Murray said he and others were making an effort to improve diverse representation in production via job fairs and recruiting at historically Black colleges and universities — “but we just weren’t seeing an increase in the pipeline of applicants of people of color. And so I started studying it and what I realized was most of the interns we had had were middle class kids from private schools, and they had parents who could afford to subsidize them either in an unpaid internship or when they first come out to L.A .

“There was an economic barrier to the kids from families that couldn’t afford to subsidize them that couldn’t afford to pay their rent for those first couple years or get them a car,” he added. “And so I went to Cris and I started talking to him about this.”

Murray and Abrego have known each other for over 20 years, starting with when Abrego landed his first major job in the business logging tapes for Bunim-Murray’s “Road Rules.” Now, as part of his recent appointment as Banijay’s president of the Americas, his oversight includes Bunim-Murray.

‘We’ve always taken a real active role in helping mentor the young people come into our company and help them figure out whether they’re going to go through casting, through production, through post production,” Murray said. “Often they’ll do several of those different jobs the way Cris did, which is what ultimately leads you to becoming a showrunner. With this internship, we want to find those people who could be future showrunners, and these are people who wouldn’t have the connections otherwise.”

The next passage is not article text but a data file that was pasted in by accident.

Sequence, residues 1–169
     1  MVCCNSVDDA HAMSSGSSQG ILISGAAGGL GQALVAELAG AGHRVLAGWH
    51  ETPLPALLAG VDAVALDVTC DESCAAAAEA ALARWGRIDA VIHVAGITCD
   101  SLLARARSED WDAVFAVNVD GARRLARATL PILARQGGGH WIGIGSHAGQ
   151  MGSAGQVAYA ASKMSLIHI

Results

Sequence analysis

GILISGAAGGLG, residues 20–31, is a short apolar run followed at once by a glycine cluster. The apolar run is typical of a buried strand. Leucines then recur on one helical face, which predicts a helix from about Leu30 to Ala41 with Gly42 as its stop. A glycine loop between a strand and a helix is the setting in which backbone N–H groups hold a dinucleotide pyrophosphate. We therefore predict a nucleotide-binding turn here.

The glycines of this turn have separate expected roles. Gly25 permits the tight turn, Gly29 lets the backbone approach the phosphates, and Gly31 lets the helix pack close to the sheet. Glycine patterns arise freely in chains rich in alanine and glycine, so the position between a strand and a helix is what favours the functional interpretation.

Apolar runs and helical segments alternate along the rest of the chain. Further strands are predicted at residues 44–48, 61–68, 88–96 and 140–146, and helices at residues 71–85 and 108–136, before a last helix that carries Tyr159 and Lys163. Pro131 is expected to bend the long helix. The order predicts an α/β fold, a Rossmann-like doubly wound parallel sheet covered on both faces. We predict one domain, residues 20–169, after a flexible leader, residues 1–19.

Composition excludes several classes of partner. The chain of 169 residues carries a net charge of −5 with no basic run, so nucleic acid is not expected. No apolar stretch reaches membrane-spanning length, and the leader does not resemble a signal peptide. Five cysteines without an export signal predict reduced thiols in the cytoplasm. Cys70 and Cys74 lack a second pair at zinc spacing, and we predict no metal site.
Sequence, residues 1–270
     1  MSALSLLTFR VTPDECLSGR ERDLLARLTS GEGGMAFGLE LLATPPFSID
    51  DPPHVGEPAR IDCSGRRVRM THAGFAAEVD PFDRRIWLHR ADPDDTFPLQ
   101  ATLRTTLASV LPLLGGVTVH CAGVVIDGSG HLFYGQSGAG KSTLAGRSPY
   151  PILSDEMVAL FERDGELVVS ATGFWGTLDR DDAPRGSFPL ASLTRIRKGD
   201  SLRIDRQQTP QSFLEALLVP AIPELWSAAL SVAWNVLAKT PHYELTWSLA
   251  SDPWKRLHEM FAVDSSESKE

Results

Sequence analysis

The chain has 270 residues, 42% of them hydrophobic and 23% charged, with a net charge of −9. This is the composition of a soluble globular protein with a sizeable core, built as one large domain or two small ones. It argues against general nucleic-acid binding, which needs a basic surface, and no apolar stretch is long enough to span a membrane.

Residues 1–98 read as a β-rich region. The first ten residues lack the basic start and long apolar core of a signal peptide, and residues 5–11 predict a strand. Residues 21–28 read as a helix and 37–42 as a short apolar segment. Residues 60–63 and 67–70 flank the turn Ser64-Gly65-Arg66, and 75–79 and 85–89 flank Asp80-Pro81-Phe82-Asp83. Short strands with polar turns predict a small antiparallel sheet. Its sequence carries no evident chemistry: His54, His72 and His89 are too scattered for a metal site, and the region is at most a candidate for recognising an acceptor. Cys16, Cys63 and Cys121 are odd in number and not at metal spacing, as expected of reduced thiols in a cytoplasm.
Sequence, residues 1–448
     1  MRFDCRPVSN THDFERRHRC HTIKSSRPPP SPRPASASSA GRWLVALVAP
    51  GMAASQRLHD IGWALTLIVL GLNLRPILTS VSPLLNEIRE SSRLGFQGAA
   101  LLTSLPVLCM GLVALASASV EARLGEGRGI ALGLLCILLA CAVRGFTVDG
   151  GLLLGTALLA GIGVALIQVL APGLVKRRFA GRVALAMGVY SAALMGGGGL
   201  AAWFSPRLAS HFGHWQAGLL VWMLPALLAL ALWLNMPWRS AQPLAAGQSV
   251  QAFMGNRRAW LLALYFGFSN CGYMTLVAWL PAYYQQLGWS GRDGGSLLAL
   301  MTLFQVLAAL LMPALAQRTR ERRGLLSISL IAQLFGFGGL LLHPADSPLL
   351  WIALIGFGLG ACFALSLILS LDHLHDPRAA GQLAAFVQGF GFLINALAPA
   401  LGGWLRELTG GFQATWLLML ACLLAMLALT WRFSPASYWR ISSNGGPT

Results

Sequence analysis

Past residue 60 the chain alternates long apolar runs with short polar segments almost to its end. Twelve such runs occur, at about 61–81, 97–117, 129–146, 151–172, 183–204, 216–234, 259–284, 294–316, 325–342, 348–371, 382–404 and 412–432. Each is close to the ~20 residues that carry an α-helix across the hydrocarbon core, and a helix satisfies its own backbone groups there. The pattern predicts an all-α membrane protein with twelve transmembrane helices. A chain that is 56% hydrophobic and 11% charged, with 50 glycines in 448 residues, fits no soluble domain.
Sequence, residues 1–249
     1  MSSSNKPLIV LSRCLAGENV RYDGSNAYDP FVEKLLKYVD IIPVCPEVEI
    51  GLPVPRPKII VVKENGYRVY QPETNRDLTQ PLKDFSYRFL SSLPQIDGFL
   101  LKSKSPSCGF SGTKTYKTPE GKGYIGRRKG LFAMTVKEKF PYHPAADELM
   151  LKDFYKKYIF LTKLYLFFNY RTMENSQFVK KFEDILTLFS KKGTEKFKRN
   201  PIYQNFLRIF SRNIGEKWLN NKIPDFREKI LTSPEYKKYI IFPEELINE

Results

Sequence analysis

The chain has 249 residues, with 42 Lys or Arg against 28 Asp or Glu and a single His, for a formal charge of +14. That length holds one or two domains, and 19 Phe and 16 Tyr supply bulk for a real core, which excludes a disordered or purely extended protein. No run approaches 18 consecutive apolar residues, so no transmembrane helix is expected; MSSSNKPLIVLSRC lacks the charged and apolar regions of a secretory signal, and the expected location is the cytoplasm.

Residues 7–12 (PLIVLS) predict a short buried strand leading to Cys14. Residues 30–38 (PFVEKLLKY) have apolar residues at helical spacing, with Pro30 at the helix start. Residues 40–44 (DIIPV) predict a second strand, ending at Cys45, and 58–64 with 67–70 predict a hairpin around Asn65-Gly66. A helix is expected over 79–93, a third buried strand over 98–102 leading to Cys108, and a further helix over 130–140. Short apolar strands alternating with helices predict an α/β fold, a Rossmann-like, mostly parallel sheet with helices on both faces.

Murray and Abrego said the program would also seek to spread the word that unscripted production jobs are a viable career path, since often it’s a lack of awareness that prevents more representation.

“We’ve even talked about saying we’ll go out on the road and talk to the families of potential interns and let them know what’s possible in this industry,” Murray said. “Because some of these families, they look at television and they go ‘I can’t, I think I’d rather have you become an accountant’ or ‘maybe it’s not the best route.’ Part of this is an education thing, letting the people in Southern California know that this is a pathway.”